As regular followers of this blog are likely to know, controversy last week raged around the issue of Mairia Cahill’s membership of RNU, the Republican Network for Unity, widely believed to be associated with the paramilitary dissident group, Oglaigh na hEireann.
The immediate motivation for the furore, which at one stage saw Senator David Norris and Catherine McCartney take up cudgels against Cahill, was Mairia Cahill’s attempt to get elected to Seanad Eireann on the Labour party ticket. Despite the attacks, on Friday she was elected and is now a full time Irish politician.
Mairia Cahill has, of course, also been a burr under the saddle of Sinn Fein – and a swingeing critic of SF president Gerry Adams – for some time, largely because of her persuasive and damaging allegations of a Sinn Fein/Provisional IRA cover up of her rape by a leading West Belfast Provo.
Not surprisingly the internet was last week humming with anonymous and sometimes not so anonymous allegations detailing Mairia Cahill’s alleged links with RNU and other dissident groups, many of which seemed focussed on trying to undermine her narrative concerning the IRA/Sinn Fein role in concealing her rape.
The Norris/McCartney charge against Cahill was, in contrast, based only on her one-time membership of RNU, a dissident republican group with roots in the McKevitt-led Real IRA that is opposed, inter alia, to the Good Friday Agreement, the Stormont power-sharing government, the PSNI and most of the institutions established as a consequence of the peace process.
After resisting efforts by the media to interview her, Mairia Cahill finally issued a statement saying that she had indeed been a member of RNU in 2010, had served as national secretary but resigned after ‘a few hours’, and offered an apology saying her membership had been ‘the wrong thing to do’.
While Sinn Fein surrogates are suspected of involvement in last week’s internet campaign against Mairia Cahill, the party itself remained largely silent.
It now seems there may have been a reason for that silence and it lies in the fact that six weeks ago, or so, Gerry Adams’ niece, Sinead Adams was elected Belfast chairperson of RNU.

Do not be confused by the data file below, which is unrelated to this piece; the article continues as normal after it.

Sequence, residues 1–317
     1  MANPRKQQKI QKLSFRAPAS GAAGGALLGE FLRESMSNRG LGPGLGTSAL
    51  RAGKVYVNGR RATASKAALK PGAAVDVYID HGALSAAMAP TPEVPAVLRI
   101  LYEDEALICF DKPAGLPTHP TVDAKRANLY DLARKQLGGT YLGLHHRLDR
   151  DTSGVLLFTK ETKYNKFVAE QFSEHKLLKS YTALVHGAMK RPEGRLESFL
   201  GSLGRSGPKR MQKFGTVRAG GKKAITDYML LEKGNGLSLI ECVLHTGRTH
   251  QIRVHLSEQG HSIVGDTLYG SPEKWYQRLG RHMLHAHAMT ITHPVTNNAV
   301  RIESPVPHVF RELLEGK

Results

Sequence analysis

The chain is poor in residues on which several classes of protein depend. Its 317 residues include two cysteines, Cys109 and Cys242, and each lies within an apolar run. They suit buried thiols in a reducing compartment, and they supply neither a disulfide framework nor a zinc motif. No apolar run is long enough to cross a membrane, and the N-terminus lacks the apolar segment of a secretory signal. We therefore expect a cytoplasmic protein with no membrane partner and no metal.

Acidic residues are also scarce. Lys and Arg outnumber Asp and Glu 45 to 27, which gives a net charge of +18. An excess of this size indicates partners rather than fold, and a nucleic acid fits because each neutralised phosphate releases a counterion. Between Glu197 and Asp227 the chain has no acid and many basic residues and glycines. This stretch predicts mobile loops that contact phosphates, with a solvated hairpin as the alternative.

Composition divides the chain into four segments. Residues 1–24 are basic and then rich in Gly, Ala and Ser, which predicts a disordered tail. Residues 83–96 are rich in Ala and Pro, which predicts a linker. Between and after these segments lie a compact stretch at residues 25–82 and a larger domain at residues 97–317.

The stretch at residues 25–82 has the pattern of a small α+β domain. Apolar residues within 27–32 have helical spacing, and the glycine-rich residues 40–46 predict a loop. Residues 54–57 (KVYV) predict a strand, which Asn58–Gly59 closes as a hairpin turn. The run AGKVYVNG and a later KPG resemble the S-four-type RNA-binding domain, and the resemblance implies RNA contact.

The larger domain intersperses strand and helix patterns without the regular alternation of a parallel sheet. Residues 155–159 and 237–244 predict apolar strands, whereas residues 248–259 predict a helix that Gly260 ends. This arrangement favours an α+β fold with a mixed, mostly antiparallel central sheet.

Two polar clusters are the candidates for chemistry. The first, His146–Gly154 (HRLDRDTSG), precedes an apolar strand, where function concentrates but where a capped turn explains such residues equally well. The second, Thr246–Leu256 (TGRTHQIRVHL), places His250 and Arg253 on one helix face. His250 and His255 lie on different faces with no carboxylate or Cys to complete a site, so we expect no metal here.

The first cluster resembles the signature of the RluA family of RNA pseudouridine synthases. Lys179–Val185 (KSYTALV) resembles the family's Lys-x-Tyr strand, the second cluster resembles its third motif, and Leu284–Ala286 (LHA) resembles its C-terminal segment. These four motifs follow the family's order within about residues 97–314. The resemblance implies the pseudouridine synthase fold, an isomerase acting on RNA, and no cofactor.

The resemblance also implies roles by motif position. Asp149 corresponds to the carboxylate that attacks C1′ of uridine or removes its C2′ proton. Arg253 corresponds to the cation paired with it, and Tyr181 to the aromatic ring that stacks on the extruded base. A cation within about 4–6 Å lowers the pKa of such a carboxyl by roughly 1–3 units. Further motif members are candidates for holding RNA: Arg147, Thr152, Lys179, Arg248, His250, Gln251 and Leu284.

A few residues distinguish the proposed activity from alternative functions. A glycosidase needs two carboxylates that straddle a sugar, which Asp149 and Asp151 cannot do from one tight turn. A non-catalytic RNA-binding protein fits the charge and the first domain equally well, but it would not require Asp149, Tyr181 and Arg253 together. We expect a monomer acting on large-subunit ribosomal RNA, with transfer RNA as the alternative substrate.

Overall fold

Sinead is another daughter of Liam Adams, Gerry’s brother who was convicted and jailed for sexually assaulting his other daughter, Aine Dahlstrom. Sinead apparently gave evidence supporting her sister during Liam Adams’ trial. That means that animosity to Gerry for turning against his brother does not seem to have motivated her political journey into RNU.
The news that the party president’s niece was elected to a position of leadership in a dissident group that the party was attempting to link to and smear Mairia Cahill with, was not, one presumes, something that Sinn Fein was all that keen to circulate, or even risk emerging in the media.
The RNU announcement can be found on its West Belfast Facebook page, which is here:
Last week, Republican Network for Unity in Béal Feirste elected a new Comhairle Ceantair to steer the movement in the City into the 100th anniversary year of the 1916 Easter Rising.
The four members elected have been key personnel in driving forward the party’s strategy in Belfast over the last 12 months and have vowed to step it up a gear to ensure RNU continue to build upon firm ground and strengthen the Republican position.
Belfast Public Relations Officer and Student activist Nathan Stuart commented:
“The newly elected Comhairle Ceantair is a clear indication of RNU’s progressive outlook, its membership reflects the party’s desire for both its youth and female membership to be represented throughout all leadership levels.”
“We seek to further develop working relationships with other progressive groups as we believe that only through a united approach can the major obstacles facing Belfast such as cuts to healthcare and education, racism and sectarianism be tackled in an effective way.”
“Our Belfast activists have elected us to do a job, to spread the Republican message throughout working class communities in the city, firmly making our position relevant. We are determined to converting the young, vibrant and radical energy into fostering Republicanism throughout Belfast.”